Coffee is sometimes a brisk affair in Italy.

The latest machines need 25 seconds for an espresso, which means that you have a cup in front of you about 40 seconds after ordering in an Italian bar.

“Caffè al banco” is the name of an espresso that you – quickly, quickly!

– drinks while standing at the bar.

For the immense importance that this ritual has, it is surprisingly short.

Anna Vollmer

Editor in the “Germany and the World” department.

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It's hard to imagine that there is an Italian place anywhere - no matter how small - without a bar.

They can differ from each other, but their noises are always the same: the hissing of the espresso machine, the clattering of the saucers on the counter.

I could spend hours in these bars, admiring the skill with which every call is dealt with at lightning speed.

Watch the guests greet each other, chat with each other - or want to be left alone.

Often, especially in the morning and after lunch when everyone needs a coffee, a visit to the bar is a spectacle.

A social ritual

When Germans talk about coffee in Italy, it's often about the fact that it's cheap.

A cappuccino for just one euro!

That's true, of course - and it's great.

But the cost is not the crucial point.

You shouldn't drink coffee at the bar because it's cheaper there than at the table.

But because it is a different experience.

A social ritual in which a wide variety of people meet in a confined space.

It must therefore be cheap so that it is accessible to everyone (preferably several times a day).

That is why there is the so-called “caffè sospeso” in Naples.

If you have a few euros more with you, you can pay for a coffee for someone whose wallet is empty.

You simply leave an extra coin - and you will never know who will benefit from it.

“Il caffè si offre”, a colleague from Rome once explained to me, “you give out the coffee” – sometimes one pays, sometimes the other.

The coffee breaks together were part of everyday office life: in the afternoon, the entire (admittedly small) staff of the publishing house went to the other side of the street to drink a coffee.

The barman knew everyone and had long known who drank their coffee and how.

Hip cafés, where you have to make five different decisions in order to get a cup of coffee, are often made fun of (this almost drives the protagonist in Jan-Ole Gerster's film "Oh Boy" to despair). When ordering a seemingly simple espresso, you can sometimes give free rein to your quirkiness: there are, for example, those who absolutely do not want to drink their shot out of a cup but "al vetro", in a glass, because that supposedly makes a huge difference in taste .

And anyway, a very small cup offers more variations than you think: macchiato caldo (with a dash of hot milk), macchiato freddo (with a dash of cold milk), decaf (without caffeine) and in summer, in the south, caffè in ghiaccio (on ice ) – preferably with almond milk.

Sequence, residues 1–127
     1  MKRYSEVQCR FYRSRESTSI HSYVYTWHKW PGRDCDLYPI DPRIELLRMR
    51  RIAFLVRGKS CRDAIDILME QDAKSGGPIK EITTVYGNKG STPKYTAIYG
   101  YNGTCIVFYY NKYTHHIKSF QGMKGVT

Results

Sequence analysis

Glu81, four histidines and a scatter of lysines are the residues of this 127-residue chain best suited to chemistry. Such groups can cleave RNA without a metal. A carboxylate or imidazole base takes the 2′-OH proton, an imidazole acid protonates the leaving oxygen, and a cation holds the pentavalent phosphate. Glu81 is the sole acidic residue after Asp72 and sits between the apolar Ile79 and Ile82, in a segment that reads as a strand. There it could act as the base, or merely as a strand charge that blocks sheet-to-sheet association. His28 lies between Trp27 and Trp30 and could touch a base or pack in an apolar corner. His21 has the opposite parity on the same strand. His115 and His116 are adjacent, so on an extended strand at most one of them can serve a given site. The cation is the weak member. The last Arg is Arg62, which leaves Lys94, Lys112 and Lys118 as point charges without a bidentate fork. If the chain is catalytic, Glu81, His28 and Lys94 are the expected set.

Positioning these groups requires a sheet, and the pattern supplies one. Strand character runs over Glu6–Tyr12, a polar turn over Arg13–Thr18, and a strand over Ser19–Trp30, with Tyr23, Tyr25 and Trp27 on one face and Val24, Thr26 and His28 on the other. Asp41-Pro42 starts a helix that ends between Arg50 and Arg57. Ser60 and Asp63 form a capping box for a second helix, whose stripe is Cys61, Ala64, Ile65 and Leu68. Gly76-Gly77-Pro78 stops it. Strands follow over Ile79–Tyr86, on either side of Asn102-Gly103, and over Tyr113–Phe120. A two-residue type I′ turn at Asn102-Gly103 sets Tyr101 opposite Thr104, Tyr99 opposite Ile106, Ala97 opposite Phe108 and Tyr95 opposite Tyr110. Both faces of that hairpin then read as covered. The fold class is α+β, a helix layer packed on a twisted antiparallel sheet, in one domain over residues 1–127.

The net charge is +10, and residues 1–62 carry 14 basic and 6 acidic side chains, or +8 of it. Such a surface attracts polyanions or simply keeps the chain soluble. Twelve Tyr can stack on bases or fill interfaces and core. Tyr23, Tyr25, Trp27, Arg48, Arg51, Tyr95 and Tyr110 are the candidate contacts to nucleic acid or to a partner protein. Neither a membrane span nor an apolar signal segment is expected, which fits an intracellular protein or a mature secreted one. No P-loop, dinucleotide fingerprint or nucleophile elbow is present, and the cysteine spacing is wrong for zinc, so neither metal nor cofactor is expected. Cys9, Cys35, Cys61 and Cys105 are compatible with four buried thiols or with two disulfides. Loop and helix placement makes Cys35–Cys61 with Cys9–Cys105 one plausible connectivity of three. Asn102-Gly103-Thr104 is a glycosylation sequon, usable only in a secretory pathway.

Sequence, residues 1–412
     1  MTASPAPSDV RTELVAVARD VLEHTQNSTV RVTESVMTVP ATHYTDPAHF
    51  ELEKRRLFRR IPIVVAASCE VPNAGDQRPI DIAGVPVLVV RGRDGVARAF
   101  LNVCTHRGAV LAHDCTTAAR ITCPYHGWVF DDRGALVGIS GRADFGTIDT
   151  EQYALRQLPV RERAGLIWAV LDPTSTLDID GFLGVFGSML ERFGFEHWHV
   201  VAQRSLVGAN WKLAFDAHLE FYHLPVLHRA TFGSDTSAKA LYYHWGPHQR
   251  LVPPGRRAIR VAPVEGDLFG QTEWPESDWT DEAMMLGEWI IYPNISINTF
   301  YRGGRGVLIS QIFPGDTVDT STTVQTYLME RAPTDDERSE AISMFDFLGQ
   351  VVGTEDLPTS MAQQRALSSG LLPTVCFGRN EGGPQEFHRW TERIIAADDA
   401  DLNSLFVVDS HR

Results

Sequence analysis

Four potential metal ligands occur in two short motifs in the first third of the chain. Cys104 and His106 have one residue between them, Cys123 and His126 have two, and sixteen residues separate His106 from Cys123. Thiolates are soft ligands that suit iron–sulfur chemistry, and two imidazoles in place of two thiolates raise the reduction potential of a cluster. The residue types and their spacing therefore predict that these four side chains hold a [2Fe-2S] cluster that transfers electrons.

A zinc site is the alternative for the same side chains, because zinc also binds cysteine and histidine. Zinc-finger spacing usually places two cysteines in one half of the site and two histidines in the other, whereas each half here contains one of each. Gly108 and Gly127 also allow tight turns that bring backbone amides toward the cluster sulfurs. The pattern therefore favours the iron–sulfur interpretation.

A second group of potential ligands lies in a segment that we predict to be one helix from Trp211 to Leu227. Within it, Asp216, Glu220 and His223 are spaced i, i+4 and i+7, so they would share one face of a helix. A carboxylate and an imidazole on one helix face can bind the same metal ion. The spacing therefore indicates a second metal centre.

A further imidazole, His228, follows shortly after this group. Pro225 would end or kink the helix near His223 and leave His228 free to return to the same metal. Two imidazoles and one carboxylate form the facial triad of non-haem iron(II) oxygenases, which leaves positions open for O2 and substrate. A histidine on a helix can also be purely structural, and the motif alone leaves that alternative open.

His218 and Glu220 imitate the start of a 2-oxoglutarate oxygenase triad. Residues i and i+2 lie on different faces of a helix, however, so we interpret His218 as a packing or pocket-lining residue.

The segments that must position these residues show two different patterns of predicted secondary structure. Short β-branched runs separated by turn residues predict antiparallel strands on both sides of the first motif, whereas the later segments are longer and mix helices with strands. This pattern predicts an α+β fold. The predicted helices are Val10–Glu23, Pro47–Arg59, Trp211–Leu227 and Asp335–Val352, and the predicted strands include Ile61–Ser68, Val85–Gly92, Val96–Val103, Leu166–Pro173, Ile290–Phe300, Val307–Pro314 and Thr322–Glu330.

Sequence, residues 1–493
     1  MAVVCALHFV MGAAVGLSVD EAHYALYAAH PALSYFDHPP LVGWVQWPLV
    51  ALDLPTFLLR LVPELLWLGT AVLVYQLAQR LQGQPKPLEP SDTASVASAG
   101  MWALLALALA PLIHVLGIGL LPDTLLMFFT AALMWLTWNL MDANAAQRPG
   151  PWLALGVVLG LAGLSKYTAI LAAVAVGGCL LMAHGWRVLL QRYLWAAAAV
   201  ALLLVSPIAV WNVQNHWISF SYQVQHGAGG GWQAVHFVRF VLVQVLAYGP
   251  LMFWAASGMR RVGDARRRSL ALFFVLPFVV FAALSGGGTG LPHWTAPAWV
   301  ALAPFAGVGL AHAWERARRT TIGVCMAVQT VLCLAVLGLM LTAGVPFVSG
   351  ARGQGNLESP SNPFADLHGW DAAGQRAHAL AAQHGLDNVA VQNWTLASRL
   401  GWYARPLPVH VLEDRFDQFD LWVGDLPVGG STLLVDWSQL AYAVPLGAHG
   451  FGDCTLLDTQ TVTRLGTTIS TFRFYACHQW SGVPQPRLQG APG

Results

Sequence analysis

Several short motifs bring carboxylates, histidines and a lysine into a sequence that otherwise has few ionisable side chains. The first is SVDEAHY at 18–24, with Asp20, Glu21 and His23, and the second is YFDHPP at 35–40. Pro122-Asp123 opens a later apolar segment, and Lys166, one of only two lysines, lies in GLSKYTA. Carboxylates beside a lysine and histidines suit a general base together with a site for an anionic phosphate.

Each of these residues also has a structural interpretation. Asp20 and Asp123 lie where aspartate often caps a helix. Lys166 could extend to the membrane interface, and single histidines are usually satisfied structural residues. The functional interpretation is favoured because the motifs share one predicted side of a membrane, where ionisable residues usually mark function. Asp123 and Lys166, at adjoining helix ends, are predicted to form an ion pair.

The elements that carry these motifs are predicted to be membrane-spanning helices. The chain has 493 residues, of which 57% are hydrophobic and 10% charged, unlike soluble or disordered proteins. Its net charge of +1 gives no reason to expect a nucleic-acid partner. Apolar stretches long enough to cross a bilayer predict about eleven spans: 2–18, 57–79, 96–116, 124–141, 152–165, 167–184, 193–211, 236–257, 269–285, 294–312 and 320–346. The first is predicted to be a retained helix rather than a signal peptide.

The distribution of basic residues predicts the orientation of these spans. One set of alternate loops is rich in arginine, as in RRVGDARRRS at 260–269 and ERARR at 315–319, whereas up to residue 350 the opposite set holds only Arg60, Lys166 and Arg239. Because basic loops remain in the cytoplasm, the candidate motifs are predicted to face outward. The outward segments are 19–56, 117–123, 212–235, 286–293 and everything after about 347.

He must be hot!

The classic espresso, called “caffè”, on the other hand, is simple.

Basically, it has only two crucial properties: It has to be hot and "corto", which means stronger and with less liquid than ours.

An Italian woman who has lived in Germany for a long time once told me that the German answer to her request for the espresso to be served “very hot” never satisfied her: it was just as hot “as the machine makes it”. to hear them again and again.

She is convinced that the coffee is hotter in Italy.

Once a Dutch friend and I ordered an espresso in Rome.

My girlfriend went to the toilet.

While she was away, the barman had thrown her coffee away in a rage, and when she returned he threw another one in her face without comment.

He couldn't bear such a lack of culture, even letting the coffee cool down for even a minute.

That's another reason to drink the caffè "al banco": Imagine the drop in temperature before the espresso has arrived at the table!

The bar, that magical place

Italian bars are different from places you know here because they are and can be everything at once: there is coffee and drinks, you can have breakfast and an aperitif, and even often have a very decent lunch.

The bar is always open, from early morning to late at night.

And you can have a caffè al banco at any time.

It would never happen that, as in many a German bar, the sentence: "No hot drinks after nine o'clock." Because in the bar a lot revolves around this one drink, the caffè.

And the caffè would be nothing without the bar, this magical place.

There are sociologists who deal with the bar and a cult book that almost everyone knows almost fifty years after its publication in Italy: "Bar Sport" by Stefano Benni tells in various episodes humorously exaggerated about everyday life in a bar. As in Italy the corona pandemic broke out was one of the big questions: when can we go back to the bar?

Standing close together at the counter?

When you drink your espresso in a hurry at the bar.